B12 Solipsism

Spreading confusion over the internet since 1994

Frostpocket Still Life – Randy’s House was uploaded to Flickr

evidence of a life lived

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I took Frostpocket Still Life – Randy’s House on September 02, 2013 at 04:13PM

and processed it in my digital darkroom on March 01, 2014 at 02:58AM

Former Location of Mandels Creamery was uploaded to Flickr

among other things.

29 Baldwin St, Toronto.

Not sure what the Hebrew/Yiddish says

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I took Former Location of Mandels Creamery on September 07, 2013 at 04:56PM

and processed it in my digital darkroom on November 22, 2013 at 04:46PM

Written by eggplant

April 12th, 2014 at 10:53 am

Shorter Cut Is Quicker was uploaded to Flickr

West Loop (Halsted, I think). Black and white, toned blue in Photoshop.

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I took Shorter Cut Is Quicker on December 08, 2013 at 01:18PM

and processed it in my digital darkroom on March 28, 2014 at 04:02PM

Written by eggplant

April 12th, 2014 at 10:19 am

Don’t Forget To Dance was uploaded to Flickr

Merchandise Mart and the Chicago River

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I took Don’t Forget To Dance on November 30, 2013 at 03:25PM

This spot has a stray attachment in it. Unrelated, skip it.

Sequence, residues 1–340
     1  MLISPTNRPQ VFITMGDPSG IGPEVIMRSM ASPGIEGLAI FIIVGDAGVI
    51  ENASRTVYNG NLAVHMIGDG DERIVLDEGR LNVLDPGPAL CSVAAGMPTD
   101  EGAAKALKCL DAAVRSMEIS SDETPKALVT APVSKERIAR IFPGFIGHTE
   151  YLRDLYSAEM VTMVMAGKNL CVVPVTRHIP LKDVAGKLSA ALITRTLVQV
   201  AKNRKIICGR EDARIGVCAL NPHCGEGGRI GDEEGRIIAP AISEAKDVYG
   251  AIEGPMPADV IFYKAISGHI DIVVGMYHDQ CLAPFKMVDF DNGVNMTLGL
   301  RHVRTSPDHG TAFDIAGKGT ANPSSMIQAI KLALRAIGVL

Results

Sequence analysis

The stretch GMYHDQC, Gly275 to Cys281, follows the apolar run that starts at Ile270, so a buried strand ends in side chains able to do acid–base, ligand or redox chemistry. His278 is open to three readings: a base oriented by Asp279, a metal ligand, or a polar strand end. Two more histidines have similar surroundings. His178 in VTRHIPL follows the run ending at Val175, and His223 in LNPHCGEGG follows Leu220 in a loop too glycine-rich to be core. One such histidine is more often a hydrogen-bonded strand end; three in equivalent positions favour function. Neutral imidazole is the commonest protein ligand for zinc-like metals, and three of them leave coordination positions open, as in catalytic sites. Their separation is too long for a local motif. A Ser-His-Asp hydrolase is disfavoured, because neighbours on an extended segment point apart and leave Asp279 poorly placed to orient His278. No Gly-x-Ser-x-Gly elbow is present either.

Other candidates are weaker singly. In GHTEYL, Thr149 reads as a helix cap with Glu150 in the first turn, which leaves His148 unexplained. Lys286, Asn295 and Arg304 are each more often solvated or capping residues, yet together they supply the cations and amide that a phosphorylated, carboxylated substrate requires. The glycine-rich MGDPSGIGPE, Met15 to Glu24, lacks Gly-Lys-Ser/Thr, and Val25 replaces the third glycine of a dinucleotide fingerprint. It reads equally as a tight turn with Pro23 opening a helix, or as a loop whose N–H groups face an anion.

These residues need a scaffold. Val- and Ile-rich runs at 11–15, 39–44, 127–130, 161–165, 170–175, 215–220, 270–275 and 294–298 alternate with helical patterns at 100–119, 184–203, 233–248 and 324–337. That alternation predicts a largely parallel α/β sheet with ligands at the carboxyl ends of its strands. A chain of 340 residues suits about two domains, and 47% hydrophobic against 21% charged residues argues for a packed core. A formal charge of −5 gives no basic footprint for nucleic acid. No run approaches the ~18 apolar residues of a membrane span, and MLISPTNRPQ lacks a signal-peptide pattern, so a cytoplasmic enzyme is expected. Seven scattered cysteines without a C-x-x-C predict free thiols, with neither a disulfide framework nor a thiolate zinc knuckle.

and processed it in my digital darkroom on December 09, 2013 at 04:05PM

Written by eggplant

April 12th, 2014 at 10:18 am

You Finished Before We Were Done was uploaded to Flickr

Metropolitan Correction Center, Chicago.

A Harry Weese joint, 1975

http://ift.tt/KOh9DU

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I took You Finished Before We Were Done on November 30, 2013 at 02:55PM

and processed it in my digital darkroom on December 02, 2013 at 02:57PM

Written by eggplant

April 12th, 2014 at 10:18 am

Photo Republished at Gangsters & Speakeasies: Buildings of Historic Chicago

Green Mill Daguerreotype
My photo was used to illustrate this post

Green Mill Jazz Club The speakeasy, 1920′s icon. When prohibition began, outlawing the sale of alcohol in the United States paved the way for criminals like Al Capone to come to fruition. And if you think prohibition stopped alcohol, well, then… the word naive comes to mind. Alcohol, if anything, was more rampant in the 1920′s. Want to make something that’s already fun even more popular?? Make it taboo. The “speakeasy” was the slang term for an establishment that illegally sold alcohol during these times. Some were seedy bars, others were extravagant nightclubs filled with the rich and famous. The Green Mill Jazz Club, still open today, was a popular speakeasy back during prohibition and at one point even owned by Jack McGurn, a right hand man of Al Capone.? photo credit:?swanksalot

click here to keep reading :
Gangsters & Speakeasies: Buildings of Historic Chicago

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Written by eggplant

April 8th, 2014 at 11:35 am

zor zor it’s my birthday

2 comments

zor zor it's my birthday

Graffiti, Lincoln Park somewhere near Fullerton.

I’m old enough that I don’t want presents from people, unless they are genuine surprises, I find it much better to buy my own presents. I’m torn between purchasing myself a NAS drive to replace a Drobo that I don’t really like, or a quality, direct-drive USB-enabled vinyl turntable. I also considered getting a zoom lens, but I wouldn’t use it that often, so it’s lower on my list.